Hospitals surprisingly fared much better than we would have anticipated heading into the pandemic last March when elective procedures (which typically have much higher margins and reimbursement rates) were prohibited in many regions across the country. The CARES Act, once introduced, allowed hospitals to bridge the elective gap and strengthen their financials. Now that elective procedures have resumed in nearly every U.S. state, we anticipate spreads for these credits will likely tighten through 2021.

U.S. hospitals buoyed by CARES funding

US hospital financials were being buoyed by the cares act

Source: KaufmanHall, National Flash Report, January 2021.

Looking forward

The U.S. has already spent more than $4 trillion on Coronavirus relief as a whole, which is one of the reasons why we’re seeing Treasury rates move higher, along with inflation expectations running north of 2% (which the Fed appears comfortable with). Both Fed Chair Jerome Powell and Treasury Secretary Janet Yellen have reported that the U.S. unemployment rate is closer to 10% when factoring in those that have left the workforce, meaning the central bank will likely remain accommodative even if inflation surprises to the upside.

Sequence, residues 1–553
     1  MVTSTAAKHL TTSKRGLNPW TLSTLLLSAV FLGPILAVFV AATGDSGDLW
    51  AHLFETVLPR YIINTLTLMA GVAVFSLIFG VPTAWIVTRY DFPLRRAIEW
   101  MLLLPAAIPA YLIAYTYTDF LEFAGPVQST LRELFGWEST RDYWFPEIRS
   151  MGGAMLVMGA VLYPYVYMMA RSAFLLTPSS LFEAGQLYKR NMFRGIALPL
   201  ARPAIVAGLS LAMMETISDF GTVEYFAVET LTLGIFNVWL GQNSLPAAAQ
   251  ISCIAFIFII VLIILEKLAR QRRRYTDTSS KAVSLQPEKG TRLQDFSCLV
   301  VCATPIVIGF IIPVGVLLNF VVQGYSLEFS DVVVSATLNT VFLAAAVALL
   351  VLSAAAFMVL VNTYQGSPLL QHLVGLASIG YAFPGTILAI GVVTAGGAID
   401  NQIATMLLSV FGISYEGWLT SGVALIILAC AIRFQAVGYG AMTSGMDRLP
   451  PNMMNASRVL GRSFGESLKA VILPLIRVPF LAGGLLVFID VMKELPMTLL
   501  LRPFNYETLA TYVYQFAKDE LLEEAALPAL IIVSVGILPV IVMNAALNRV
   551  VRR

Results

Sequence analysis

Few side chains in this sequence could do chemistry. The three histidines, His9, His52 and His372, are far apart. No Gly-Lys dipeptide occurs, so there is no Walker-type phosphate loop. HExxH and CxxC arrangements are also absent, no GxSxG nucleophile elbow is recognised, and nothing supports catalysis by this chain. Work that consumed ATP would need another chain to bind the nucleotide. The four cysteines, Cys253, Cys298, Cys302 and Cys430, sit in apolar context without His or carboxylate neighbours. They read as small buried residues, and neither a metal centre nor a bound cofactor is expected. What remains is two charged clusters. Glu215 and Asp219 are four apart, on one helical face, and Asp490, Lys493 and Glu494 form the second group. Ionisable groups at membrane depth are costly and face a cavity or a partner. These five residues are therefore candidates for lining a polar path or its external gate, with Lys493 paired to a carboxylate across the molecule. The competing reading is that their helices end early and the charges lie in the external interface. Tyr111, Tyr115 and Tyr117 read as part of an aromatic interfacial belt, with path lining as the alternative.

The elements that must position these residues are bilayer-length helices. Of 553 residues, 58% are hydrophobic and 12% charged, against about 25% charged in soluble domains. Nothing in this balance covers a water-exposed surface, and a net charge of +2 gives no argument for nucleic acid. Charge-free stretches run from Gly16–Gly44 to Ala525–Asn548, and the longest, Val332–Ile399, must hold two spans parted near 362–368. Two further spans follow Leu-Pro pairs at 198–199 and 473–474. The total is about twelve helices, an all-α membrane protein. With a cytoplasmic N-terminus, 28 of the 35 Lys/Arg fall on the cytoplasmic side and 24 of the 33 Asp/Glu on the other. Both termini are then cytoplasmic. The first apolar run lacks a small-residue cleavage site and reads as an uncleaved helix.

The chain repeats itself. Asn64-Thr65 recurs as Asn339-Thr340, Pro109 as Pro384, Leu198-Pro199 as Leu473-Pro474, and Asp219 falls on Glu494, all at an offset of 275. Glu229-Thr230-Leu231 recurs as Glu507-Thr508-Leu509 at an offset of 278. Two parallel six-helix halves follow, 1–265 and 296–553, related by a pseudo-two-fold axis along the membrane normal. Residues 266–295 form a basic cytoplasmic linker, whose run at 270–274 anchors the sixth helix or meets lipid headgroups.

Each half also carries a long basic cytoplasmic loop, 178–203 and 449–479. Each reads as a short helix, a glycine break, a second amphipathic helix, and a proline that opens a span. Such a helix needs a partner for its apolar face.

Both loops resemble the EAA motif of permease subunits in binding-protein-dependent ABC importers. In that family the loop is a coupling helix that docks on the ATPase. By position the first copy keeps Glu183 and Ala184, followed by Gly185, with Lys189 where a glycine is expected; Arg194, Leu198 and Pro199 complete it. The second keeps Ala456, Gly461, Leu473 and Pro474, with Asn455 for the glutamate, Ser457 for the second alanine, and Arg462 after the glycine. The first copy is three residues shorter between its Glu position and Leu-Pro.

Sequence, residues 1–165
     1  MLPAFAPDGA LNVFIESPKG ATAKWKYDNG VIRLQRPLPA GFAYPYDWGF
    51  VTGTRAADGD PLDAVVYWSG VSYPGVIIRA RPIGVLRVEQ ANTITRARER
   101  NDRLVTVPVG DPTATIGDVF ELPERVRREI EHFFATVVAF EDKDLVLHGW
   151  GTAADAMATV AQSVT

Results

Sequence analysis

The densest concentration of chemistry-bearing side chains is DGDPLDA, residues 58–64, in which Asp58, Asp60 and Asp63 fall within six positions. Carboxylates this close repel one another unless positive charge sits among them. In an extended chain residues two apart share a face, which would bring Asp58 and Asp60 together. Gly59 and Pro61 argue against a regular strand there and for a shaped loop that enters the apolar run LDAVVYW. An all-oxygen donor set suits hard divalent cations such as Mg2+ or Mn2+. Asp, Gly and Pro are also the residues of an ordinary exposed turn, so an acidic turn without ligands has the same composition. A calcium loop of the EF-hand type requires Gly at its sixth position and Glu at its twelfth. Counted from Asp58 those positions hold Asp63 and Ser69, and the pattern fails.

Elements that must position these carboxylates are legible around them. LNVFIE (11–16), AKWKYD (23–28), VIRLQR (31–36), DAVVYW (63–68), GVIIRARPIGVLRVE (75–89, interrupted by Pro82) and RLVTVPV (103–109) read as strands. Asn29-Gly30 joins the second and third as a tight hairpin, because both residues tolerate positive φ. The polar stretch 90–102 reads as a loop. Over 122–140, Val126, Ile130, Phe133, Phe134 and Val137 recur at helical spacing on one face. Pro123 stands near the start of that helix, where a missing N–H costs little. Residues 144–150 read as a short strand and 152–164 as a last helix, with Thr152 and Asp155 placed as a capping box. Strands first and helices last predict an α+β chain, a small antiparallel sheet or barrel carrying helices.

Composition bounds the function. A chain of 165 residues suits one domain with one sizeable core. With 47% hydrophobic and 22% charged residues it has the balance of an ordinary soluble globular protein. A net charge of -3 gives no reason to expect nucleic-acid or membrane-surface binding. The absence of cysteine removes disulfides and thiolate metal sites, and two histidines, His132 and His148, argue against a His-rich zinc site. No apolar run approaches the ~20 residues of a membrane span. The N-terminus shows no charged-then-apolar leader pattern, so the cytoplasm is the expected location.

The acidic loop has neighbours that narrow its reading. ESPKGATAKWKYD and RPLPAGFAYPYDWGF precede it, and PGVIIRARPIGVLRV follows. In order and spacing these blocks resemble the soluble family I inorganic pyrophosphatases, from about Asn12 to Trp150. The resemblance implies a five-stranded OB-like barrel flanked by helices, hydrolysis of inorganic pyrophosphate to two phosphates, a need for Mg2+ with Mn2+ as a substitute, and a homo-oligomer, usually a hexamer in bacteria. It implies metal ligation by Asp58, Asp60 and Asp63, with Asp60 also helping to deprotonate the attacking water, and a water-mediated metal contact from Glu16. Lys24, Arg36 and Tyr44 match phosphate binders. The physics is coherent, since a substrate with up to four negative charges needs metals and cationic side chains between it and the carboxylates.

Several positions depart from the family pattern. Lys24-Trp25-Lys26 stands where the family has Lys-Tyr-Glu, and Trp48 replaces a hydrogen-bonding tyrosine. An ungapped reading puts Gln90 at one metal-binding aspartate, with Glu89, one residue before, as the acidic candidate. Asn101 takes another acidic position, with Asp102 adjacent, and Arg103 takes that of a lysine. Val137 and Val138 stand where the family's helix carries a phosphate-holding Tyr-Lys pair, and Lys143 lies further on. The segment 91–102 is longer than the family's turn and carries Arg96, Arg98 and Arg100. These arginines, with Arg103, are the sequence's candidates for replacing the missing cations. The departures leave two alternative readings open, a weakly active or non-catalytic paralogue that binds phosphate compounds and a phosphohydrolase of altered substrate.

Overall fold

As a result, we sold some of our higher investment grade AAA and AA credits in the process of neutralizing duration back in Q4, because if we do experience a further back-up in rates, these bonds will likely see negative returns for the year. Meanwhile, we remain overweight A and BBB-rated bonds versus our benchmark, which we believe will outperform higher quality credits and serve investors better over the course of 2021.

As the economy continues to recover, we expect strong U.S. GDP growth in the first quarter, which is another reason the Fed is likely to let inflation run a little bit hot. Within our portfolio, we have neutralized duration and allowed liquidity to build slightly on the front end of the yield curve awaiting better opportunities to invest cash in the spring – when we anticipate primary issuance to increase and place upward pressure on spreads.